December 16, 2008 / 4:24 AM / 11 years ago

Obama names education chief, focuses on economy

CHICAGO (Reuters) - U.S. President-elect Barack Obama on Tuesday called the high U.S. school dropout rate “economically untenable” and said making schools more competitive would be a top job of his education secretary.

President-elect Barack Obama (L) answers questions with Chicago Public Schools Chief Arne Duncan, his nominee for secretary of education, during a news conference at the Dodge Renaissance Academy in Chicago December 16, 2008. REUTERS/Jeff Haynes

Saying the road to jobs and growth begins in the classroom, Obama announced Chicago schools chief Arne Duncan — a longtime basketball partner and friend — as his choice for education secretary. He charged Duncan with improving America’s teachers and schools to help the United States become more competitive.

“If we want to out-compete the world tomorrow, then we’re going to have to out-educate the world today,” Obama told a news conference at an elementary school.

Obama, who takes office on January 20, noted that the U.S. high school dropout rate is one of the highest in the industrialized world and many young American children cannot even do basic math.

“We can’t continue like this,” he said. “It’s morally unacceptable for our children and economically untenable for America.”

After the news conference, Obama held a meeting of the key members of his economic team amid continuing bleak news on the U.S. economy, with consumer prices plunging at a record pace and housing starts falling to a new low.

They met as the Federal Reserve cut its benchmark U.S. interest rate to a range of 0 to 0.25 percent, a record low that underscored the worst economic turmoil since the Great Depression.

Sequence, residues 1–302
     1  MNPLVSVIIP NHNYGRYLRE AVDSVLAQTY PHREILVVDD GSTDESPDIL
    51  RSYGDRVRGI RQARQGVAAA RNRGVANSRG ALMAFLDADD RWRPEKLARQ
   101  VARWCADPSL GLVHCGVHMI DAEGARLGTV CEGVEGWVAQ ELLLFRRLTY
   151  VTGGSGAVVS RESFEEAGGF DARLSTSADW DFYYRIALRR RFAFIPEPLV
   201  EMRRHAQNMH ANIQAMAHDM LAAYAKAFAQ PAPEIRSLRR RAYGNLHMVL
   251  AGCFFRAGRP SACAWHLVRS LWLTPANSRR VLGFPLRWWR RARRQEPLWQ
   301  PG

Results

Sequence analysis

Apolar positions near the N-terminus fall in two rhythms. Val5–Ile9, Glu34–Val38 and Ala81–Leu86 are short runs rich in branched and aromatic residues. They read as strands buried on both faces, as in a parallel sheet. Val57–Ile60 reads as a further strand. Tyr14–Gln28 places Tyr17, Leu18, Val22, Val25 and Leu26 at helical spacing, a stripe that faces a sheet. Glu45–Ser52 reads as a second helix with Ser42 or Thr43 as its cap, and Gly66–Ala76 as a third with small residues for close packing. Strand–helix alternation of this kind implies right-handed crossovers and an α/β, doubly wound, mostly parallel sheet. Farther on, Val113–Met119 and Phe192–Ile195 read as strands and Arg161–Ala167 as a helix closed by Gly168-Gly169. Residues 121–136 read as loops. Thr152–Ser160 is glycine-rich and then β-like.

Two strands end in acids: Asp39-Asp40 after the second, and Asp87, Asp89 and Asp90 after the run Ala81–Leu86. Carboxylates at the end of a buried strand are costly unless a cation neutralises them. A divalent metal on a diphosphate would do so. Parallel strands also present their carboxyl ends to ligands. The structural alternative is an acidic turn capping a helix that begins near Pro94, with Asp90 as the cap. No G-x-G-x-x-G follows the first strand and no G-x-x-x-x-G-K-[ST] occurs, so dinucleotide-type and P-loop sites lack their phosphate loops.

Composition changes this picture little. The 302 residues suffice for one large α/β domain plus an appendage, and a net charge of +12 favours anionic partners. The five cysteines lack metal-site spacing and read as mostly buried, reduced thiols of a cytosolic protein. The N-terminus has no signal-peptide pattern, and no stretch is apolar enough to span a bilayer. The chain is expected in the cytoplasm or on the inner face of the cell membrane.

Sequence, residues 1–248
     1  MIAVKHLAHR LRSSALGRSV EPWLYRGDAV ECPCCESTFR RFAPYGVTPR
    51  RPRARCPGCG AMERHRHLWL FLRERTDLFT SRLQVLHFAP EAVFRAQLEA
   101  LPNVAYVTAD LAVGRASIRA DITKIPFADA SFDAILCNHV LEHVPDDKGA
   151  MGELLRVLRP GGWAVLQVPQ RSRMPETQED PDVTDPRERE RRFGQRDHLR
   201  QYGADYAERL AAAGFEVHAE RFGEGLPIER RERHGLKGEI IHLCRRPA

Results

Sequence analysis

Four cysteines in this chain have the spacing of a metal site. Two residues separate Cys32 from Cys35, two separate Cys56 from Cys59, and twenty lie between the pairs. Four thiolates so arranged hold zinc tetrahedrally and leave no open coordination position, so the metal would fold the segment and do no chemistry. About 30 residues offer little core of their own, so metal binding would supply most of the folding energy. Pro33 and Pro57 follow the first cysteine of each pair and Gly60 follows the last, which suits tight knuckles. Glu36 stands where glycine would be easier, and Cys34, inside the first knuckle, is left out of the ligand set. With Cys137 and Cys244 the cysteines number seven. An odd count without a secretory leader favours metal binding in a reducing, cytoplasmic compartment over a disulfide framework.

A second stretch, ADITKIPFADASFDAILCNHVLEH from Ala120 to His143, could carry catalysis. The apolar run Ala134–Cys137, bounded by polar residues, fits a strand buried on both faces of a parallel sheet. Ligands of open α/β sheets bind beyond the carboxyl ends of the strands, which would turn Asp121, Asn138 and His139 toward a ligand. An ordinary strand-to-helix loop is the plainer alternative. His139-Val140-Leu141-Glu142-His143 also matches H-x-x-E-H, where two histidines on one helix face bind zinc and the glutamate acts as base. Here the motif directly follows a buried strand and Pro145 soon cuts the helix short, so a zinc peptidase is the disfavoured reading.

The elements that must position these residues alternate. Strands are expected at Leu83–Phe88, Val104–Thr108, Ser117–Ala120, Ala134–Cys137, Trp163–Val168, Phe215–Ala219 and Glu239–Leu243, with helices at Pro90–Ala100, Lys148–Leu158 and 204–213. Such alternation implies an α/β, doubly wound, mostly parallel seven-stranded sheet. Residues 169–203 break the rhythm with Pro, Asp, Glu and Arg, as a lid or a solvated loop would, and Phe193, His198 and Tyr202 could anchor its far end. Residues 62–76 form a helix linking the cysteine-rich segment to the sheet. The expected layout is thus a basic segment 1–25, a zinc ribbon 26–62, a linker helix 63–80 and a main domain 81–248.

In his news conference before the Fed move, Obama warned the central bank’s traditional tools for fighting recession were running out.

“We are running out of the traditional ammunition that is used in a recession, which is to lower interest rates. They are getting to be about as low as they can go,” he said.

He said other branches of government needed to step up to help. “That’s why the economic recovery plan is so absolutely critical,” he said.

Obama, a Democrat, has promised to create at least 2.5 million jobs by 2011 and launch a major infrastructure improvement drive along with reforming the U.S. health care system, but questions over how to pay for it all remain.

Obama is scheduled to hold a news conference on Wednesday at which he is expected to announce he has chosen Colorado Sen. Ken Salazar as interior secretary.


As they introduced Duncan, both Obama and Vice President-elect Joe Biden said the choice for education secretary was a person who could raise standards and help reform schools.

“We have to have an education system that’s second to none in the world. That’s the only way our children and our nation are going to be able to compete in today’s global economy,” Biden said.

Duncan has been chief executive of Chicago Public Schools, the country’s third-largest school district, since 2001. The current education secretary, Margaret Spellings, has called Duncan a “visionary” leader and reformer who would be a great choice to run the Department of Education.

“He’s championed good charter schools, even when it was controversial. He’s shut down failing schools and replaced their entire staffs, even when it was unpopular,” Obama said.

Duncan, who was co-captain of Harvard University’s basketball team, played professional basketball in Australia after he graduated from the university. He returned to Chicago in 1992 to direct a program to create educational opportunities for inner city children on the city’s South Side.

Obama’s choice was welcomed by lawmakers. Senate Democratic leader Harry Reid said he looked forward to confirming Duncan quickly so he could get about reforming the school system.

“He has proven to be a pragmatic leader with a record of bringing people together and bringing innovative and much-needed reforms to Chicago’s schools,” Reid said.

Additional reporting by David Alexander; editing by Mohammad Zargham

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